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Former death row inmate calls out D.A. on Brady violations

29th August 2016   ·   0 Comments

By Della Hasselle
Contributing Writer

From the moment Leon Cannizzaro took office as the District Attorney for Orleans Parish, he faced an uphill battle in convincing the public of the integrity of his office.

Within his first week behind the desk, a former death row inmate named John Thompson, who had been convicted in separate cases of both murder and armed robbery, had prevailed in a major lawsuit against the D.A.’s office.

The lawsuit, a whopping judgment of $14 million, wasn’t filed against Cannizzaro, but rather one of his predecessors, Harry Connick. It would also later be dismissed, after being challenged all the way up to the U.S. Supreme Court.

But the case would prompt the Innocence Project of New Orleans to examine what it called an “ongoing problem” of prosecutorial misconduct in New Orleans. And, although Cannizzaro has denied wrongdoing on several occasions, similar allegations have carried over beyond the tenure of Connick, and into the office of the city’s current district attorney.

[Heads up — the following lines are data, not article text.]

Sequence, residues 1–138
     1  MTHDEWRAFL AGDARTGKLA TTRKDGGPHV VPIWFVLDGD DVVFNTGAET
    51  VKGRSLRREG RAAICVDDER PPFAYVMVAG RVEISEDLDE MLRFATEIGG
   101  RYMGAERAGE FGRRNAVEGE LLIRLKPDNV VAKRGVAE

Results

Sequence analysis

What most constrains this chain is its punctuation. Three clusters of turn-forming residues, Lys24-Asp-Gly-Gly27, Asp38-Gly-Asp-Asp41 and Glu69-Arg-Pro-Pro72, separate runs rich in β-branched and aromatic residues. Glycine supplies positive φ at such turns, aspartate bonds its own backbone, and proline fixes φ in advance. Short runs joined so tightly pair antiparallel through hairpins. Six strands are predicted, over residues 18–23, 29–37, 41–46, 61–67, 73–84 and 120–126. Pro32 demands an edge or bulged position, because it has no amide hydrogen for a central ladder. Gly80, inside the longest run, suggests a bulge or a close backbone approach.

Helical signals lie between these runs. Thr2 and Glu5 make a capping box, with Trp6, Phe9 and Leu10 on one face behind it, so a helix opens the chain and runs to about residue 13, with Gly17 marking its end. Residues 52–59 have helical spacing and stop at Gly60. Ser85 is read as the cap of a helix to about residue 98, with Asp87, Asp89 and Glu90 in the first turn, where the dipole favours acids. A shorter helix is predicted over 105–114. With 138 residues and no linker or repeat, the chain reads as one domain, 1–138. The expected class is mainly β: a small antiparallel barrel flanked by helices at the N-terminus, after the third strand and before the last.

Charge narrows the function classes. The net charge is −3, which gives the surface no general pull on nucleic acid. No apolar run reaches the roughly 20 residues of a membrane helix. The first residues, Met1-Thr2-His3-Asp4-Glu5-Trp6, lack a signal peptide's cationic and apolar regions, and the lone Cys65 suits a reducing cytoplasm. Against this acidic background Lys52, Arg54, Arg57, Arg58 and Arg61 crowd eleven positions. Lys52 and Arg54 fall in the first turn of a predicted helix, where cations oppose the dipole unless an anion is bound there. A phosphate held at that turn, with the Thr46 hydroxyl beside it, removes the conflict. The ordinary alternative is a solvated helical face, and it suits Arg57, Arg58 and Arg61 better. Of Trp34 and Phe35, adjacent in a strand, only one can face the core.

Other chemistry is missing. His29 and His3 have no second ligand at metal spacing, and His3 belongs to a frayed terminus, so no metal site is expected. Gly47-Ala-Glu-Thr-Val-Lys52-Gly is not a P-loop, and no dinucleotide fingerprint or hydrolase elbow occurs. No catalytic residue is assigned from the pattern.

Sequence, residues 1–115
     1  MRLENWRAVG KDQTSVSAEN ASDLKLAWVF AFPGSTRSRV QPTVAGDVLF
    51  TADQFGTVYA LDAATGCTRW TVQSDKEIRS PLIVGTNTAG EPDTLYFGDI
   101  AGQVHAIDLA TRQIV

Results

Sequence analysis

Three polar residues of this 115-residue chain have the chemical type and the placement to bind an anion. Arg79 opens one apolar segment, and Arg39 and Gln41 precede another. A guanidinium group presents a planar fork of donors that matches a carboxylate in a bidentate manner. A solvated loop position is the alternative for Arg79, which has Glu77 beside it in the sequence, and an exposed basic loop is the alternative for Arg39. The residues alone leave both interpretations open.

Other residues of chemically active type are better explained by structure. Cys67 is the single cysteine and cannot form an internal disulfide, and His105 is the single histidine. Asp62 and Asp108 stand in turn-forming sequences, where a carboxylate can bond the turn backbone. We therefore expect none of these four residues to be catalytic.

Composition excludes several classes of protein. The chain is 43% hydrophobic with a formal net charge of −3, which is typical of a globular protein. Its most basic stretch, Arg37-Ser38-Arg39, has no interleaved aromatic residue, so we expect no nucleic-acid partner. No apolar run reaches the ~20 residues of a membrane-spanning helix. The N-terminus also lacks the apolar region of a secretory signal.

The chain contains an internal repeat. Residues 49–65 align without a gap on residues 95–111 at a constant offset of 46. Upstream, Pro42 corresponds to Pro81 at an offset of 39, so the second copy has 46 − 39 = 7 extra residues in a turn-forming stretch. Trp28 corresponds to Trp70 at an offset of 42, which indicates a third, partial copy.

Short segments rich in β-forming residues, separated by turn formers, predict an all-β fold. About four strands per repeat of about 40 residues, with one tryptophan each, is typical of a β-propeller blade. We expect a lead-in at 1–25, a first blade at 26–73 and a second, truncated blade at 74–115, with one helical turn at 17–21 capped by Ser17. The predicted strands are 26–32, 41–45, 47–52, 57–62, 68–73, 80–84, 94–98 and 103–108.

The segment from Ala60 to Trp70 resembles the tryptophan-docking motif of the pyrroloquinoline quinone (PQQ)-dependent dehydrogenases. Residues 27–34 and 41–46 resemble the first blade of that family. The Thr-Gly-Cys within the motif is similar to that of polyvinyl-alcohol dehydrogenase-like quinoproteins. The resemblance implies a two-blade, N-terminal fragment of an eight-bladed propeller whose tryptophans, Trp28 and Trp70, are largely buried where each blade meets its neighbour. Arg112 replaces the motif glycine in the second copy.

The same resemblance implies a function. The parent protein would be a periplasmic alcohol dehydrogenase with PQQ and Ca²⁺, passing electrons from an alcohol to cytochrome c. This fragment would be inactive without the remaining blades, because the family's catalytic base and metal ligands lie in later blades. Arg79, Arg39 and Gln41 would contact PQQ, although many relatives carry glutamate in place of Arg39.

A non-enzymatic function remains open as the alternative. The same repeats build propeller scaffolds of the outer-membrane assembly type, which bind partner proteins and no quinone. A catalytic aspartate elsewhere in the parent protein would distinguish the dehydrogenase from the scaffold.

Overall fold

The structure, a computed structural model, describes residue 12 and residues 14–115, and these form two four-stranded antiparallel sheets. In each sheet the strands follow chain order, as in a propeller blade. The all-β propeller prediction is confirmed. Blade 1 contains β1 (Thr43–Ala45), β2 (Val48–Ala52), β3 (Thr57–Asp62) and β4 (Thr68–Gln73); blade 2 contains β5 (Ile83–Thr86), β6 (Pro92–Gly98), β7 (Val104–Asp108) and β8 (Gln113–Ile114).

Among those who accuse the district attorney’s office of a “culture of hiding evidence and cheating” in New Orleans is Thompson. In early August, he penned a letter to the Civil Rights Division of the U.S. Department of Justice, asking them to investigate the New Orleans D.A.’s office by looking for other wrongful convictions that could have slipped through the cracks.

Thompson asked the DOJ to pay particular attention to cases prosecuted by Jim Williams, an assistant district attorney who helped put him on death row while working for Connick. But the allegations of ongoing misconduct in his letter are clear, as he also accuses Cannizzaro of a failure to “review the integrity” of past convictions once he took office.